1. avatar Forward Assist says:

      Great come to Jesus moment. DG has a perspective according to his gun values. The same could be about houses, cars, tools, and even women.

      However…
      “But I’ve published over 100 articles on guns and ammo.”

      The above statement churned my tummy. It means nothing beyond the fact that you created your own reality and are now inhabiting it. Trust me. I know what I’m talking about. I have over 500 published articles.

    2. avatar Erik Weisz says:

      What if you have to hit something further away than bad-breath distance? The 1911 should be in your top three pistol choices on a list the glock isn’t even on. Same if your target IS bad-breath distance and you have to club him with your pistol – he might not even notice he just got pistol whipped if you try it with a glock. The only category glock wins is in weight – and a Browning HiPower is a few scant ounces more and an order of magnitude better in every single way. A CZ RAMI is half the size of the glock and even with a much shorter barrel is still more accurate, plus it’s all steel and has a hammer and a safety.
      The only reason anyone thinks glock (or any other plastic POS) is the epitome of modernity and the tip of the spear in arms development is marketing hype. It’s not better than anything – it’s just cheaper. Your best chance at hitting your target with a glock is to tape it to a rock and toss it with a catapult.

      1. avatar Clark Kent says:

        Wow. Your post is proof positive you just can’t fix stupid.

    3. avatar Zebra Dun says:

      I learned to shoot pistols in the USMC and with the 1911A1, I own one a Colt Gov. Mk IV Series 70 I have owned it for 42 years I bought it brand new in 1976. It has seen a lot of carry and use.
      I have handled and shot a Glock G19 X and I can tell you right now I’d grab that Glock over that 1911A1 if I had to have a gunfight.

  2. avatar anarchyst says:

    Before 1968, you could order a rifle or pistol by mail-order across state lines and have it shipped directly to you without any federal “paperwork. The prohibition on THAT was “losing a lot”…

    1. avatar LarryinTX says:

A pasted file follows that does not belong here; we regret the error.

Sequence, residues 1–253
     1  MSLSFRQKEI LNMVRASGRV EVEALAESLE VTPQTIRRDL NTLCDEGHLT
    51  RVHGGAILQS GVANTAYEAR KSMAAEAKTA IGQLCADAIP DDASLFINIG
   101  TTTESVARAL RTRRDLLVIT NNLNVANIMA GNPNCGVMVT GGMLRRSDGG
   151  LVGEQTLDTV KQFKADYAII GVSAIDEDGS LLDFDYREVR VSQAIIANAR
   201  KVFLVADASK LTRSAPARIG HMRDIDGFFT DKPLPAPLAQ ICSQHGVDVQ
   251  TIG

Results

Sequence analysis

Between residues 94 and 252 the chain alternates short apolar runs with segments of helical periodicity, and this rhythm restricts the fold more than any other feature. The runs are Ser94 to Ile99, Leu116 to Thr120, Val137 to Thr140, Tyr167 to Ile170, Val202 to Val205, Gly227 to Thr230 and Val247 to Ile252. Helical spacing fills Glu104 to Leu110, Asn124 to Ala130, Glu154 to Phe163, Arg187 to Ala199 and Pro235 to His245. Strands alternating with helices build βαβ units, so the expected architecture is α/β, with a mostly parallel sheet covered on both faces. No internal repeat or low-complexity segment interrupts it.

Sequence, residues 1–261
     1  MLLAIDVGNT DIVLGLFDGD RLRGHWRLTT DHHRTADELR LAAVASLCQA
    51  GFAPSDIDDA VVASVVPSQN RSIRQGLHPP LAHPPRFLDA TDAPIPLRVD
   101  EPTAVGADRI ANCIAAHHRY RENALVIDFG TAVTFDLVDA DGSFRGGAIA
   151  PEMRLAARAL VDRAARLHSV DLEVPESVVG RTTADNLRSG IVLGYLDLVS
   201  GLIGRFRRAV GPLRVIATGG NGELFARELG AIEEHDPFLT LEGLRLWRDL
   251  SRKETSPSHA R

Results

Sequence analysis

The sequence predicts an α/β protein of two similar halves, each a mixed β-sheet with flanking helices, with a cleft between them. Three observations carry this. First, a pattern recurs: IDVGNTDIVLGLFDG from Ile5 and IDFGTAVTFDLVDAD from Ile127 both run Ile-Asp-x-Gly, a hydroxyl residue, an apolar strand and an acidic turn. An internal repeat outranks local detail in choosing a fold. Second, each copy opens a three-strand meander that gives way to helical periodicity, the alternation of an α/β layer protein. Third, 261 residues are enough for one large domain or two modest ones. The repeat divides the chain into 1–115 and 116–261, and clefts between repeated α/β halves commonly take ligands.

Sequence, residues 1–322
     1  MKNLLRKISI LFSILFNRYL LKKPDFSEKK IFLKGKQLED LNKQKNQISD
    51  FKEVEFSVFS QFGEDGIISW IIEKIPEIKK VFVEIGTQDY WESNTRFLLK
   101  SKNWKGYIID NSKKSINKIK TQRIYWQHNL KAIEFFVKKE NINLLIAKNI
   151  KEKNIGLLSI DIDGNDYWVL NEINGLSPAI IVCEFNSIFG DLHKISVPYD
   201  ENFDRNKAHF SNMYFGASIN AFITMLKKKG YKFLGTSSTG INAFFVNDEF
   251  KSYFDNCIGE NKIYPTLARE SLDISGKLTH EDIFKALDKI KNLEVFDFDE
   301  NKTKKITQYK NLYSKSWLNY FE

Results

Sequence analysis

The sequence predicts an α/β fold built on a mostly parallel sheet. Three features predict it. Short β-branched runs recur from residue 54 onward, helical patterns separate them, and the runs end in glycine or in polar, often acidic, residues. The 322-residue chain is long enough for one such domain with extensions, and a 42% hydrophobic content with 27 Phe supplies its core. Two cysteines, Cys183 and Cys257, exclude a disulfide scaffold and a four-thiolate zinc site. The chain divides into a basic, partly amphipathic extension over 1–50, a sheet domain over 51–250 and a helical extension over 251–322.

Wasn’t that easy, anyhow. No internet, no credit cards, maybe a catalogue followed by a phone call, resulting in writing a check and mailing it to the manufacturer, then waiting a few weeks for delivery. Much preferred method was go to the store and come home with it. Pick up some ammo while you’re there.

      1. avatar Draven says:

        Anyone else remember “Please allow 4-6 weeks for delivery.”?

  3. avatar Draven says:

    I saw that comment the other day and left it alone, because tbh for every one of his examples I can find a modern equivalent, that didn’t exist in the supposed ‘golden age’ of ’47 to ’59, and usually, they are going to be roughly the same price or cheaper once you account for inflation.

  4. avatar C.S. says:

    When you have energy weapons that will replace gunpowder, the batteries that power them will be considered explosives.

  5. avatar uncommon_sense says:

    I agree on all counts.

    I suspect that today we have but a tiny fraction of the extremely skilled craftsman that we had 70 years ago.

    I also think materials controls and processes are better today than 70 years ago. And thanks to CNC machining processes, we have a LOT of very good models available today.

    What I think we have lost today: the superb craftsmanship of yesteryear. And that is probably for an important reason: because there is no longer anywhere near the demand for superb craftsmanship that rises to the level of a multi-generational family heirloom. As much as I LOVE some of the indescribably beautiful bluing finishes from decades ago, I am really not interested in paying an extra $700 for such a finish.

    In summary: I am quite content with the incredible utility of the inexpensive firearms that are available today. I do not believe such value has ever been so widely available in the past.

    1. avatar Ing says:

      I was thinking the same thing. Dyspeptic Gunsmith laments the lack of craftsmanship in today’s guns, and he’s absolutely right. Fine craftsmanship is almost completely abesnt from today’s firearms market, and that’s a big loss.

      What we have instead is the best manufacturing technology the world has ever seen. Better metallurgy and repeatable precision machining mean that firearms with accuracy and durability that would have been legendary in the “golden age” are within reach of just about everyone.

      If utility is the gauge, we’re in the golden age right now. If craftsmanship is the gauge, not so much.